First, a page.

Friday’s court decision in three eminent domain cases gave TransCanada a firmer legal basis for pressing ahead and dislodging the tree-sitters, when Jefferson County Court Judge Tom Rugg, Sr., granted the company the formal right to take possession of the land it had already been clearing. Having required TransCanada to put up more money in the surety bonds it posted, the judge concluded that “The statutory requirements for the issuance of writs of possession are now met.”

Even though the Texas Supreme Court issued a decision in March 2012 that raised the bar for pipeline companies using eminent domain, Judge Rugg denied the landowners’ request to apply the law as stated by the Supreme Court to this case. While acknowledging that the Supreme Court case, Texas Rice Land Partners v. Denbury Green Pipeline-Texas, LLC, was “perhaps the most difficult issue” in the case before him, the judge held, in effect, that even though TransCanada had not established it right to clear the land, it could continue to do so because the bonding would provide compensation to the landowners in the event that it was needed.

The judge did not address the question of how money could be a just compensation to a landowner whose was destroyed in whole or in part.

Earlier the same week, David Hightower of Winnsboro came to the end of his resistance to the pipeline clearing crews. Hightower, who was living in his childhood home after serving 40 years in the Air Force, had planted a muscadine grapevineyard and nurtured it over the years into a home business. He asked TransCanada to shift the pipeline route. TransCanada wiped out his vineyard.

The use and abuse of eminent domain, especially by pipeline companies, has been an increasingly contentious Texas issue for several years. The dispute in Denbury goes back to 2008, but by the time the court ruled in favor of the landowners, the pipelines company had already completed the pipeline.

The Supreme Court has reaffirmed the Denbury decision twice more this year. Judge Rugg’s reluctance to apply the decision to the cases before him extends the uncertainty surrounding Texas eminent domain law and some observers are saying the Texas legislature may take up the question in its next session in 2013 (the Texas legislature meets every other year).

Judge Rugg, who is serving a one-year fill-in term until a new judge is elected this fall, will eventually return to his former job in the District Attorney’s office where he worked on civil and probate cases. He took an $18,000 cut in salary, to $139,000, to serve as county judge.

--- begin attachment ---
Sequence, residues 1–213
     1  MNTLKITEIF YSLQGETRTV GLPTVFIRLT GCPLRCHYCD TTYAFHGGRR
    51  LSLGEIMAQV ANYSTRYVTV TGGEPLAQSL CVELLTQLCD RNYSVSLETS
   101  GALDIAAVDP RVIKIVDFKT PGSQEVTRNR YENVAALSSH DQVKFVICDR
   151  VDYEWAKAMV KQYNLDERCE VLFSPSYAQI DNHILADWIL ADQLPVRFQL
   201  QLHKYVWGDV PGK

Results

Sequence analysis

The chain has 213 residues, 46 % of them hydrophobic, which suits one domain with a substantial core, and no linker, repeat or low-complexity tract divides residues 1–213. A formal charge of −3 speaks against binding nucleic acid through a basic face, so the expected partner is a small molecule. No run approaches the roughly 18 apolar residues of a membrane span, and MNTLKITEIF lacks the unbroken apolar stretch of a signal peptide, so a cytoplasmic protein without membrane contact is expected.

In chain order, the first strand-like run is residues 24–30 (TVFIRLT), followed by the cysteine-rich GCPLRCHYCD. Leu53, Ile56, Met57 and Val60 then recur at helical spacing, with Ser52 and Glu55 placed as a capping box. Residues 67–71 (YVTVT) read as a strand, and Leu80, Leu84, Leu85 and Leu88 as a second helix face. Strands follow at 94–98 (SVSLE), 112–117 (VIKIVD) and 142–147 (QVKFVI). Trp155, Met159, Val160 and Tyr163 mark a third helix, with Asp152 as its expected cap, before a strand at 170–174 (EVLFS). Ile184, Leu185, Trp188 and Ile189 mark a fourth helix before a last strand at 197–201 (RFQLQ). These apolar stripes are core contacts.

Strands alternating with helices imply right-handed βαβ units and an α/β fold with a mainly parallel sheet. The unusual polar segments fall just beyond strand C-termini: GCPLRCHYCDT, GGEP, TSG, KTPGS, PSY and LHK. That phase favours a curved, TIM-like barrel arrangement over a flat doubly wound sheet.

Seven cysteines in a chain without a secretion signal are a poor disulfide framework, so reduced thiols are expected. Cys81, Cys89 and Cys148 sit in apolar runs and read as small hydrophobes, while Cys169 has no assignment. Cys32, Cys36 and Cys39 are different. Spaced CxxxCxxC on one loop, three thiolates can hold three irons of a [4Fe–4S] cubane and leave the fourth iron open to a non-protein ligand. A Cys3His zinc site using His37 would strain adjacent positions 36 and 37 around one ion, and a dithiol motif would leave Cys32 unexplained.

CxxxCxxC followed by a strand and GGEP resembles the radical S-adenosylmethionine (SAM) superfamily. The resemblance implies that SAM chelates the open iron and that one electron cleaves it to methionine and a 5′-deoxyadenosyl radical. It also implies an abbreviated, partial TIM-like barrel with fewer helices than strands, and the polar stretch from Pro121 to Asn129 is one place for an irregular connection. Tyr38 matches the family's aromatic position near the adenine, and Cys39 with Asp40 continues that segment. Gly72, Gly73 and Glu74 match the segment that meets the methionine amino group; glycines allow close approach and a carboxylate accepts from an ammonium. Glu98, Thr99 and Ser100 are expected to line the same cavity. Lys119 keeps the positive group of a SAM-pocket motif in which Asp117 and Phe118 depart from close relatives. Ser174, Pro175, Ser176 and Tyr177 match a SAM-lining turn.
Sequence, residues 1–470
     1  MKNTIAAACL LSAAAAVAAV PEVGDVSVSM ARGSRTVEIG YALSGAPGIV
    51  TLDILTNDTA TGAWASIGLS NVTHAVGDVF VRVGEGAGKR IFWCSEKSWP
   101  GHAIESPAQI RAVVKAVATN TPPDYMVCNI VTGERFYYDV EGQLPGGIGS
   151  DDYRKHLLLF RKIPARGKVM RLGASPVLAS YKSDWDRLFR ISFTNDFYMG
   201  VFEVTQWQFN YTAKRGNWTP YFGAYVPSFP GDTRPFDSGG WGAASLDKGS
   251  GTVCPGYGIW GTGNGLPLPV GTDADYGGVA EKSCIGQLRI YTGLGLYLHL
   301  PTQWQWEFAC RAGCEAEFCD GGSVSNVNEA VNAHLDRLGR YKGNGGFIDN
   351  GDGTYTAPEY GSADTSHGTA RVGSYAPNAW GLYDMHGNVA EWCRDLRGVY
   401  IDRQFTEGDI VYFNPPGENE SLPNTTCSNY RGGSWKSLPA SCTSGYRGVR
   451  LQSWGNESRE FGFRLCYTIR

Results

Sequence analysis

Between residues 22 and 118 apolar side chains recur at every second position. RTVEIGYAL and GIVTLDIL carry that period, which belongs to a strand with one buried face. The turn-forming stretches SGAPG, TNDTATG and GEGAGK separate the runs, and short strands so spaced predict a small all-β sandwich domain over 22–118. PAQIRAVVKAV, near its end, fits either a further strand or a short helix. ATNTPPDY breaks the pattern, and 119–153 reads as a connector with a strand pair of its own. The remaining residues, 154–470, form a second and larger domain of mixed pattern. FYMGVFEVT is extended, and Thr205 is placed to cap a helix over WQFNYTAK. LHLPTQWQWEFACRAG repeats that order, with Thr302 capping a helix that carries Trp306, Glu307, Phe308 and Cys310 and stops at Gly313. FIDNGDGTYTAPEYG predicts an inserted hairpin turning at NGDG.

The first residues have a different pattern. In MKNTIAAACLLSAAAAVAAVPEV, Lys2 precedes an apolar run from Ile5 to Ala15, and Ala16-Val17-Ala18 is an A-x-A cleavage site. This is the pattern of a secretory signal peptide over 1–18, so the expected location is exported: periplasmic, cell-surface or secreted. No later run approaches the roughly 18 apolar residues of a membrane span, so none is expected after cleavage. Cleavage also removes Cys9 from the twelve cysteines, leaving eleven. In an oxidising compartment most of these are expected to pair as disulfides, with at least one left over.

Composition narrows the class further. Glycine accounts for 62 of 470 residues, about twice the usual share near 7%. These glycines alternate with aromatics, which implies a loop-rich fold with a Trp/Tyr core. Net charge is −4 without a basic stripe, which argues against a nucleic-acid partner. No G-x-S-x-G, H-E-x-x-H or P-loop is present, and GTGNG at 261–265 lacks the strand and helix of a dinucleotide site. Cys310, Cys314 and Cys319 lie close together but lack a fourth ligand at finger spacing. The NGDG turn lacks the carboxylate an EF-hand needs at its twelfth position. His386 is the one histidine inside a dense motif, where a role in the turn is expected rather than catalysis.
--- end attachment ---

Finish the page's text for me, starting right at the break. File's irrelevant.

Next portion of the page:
Talking about the Denbury decision to local public radio, the judge observed that:

“It’s opened up a real can of worms and I’m not sure how it’s gonna get resolved”¦. That decision has left a lot of unanswered questions, so there are a lot of legal issues that will have to be sorted through over the next few years.”

Meanwhile it leaves people like the Holland family, who are part of Texas Rice Land Partners, already have some 50 or morepipelines on their property, but this is only the second time they’ve gone to court over the issue of eminent domain. The first time they were plaintiffs in the Denbury case.

TransCanada had offered the Hollands $446,864 for an easement, which the Hollands were prepared to accept on the same terms as their other pipelines. But TransCanada, with a pipeline that would be carrying a far more toxic load than the other pipelines, would not accept the usual terms, but rather wanted to be able to walk away from their pipeline any time, with no liability.

With the court order, the Hollands are to get $20,808, or about 5% of what TransCanada offered, even though a landowners’ compensation is supposed to bear some reasonable relationship to fair market value.

As David Holland put it: “There is something terribly wrong when a private company is allowed to take land for less than 5% of real world prices”¦. We are willing to grant an easement but we are not willing to assume uncompensated risks to the rest of our property.”

Tar Sands Blockade remains intent on remaining in its tree houses and mounting other actions until TransCanada abandons the pipeline. TransCanada has shown no indication it will do that.Tar Sands Blockade will be training more volunteers in non-violent direct action at an October 12-13 training camp.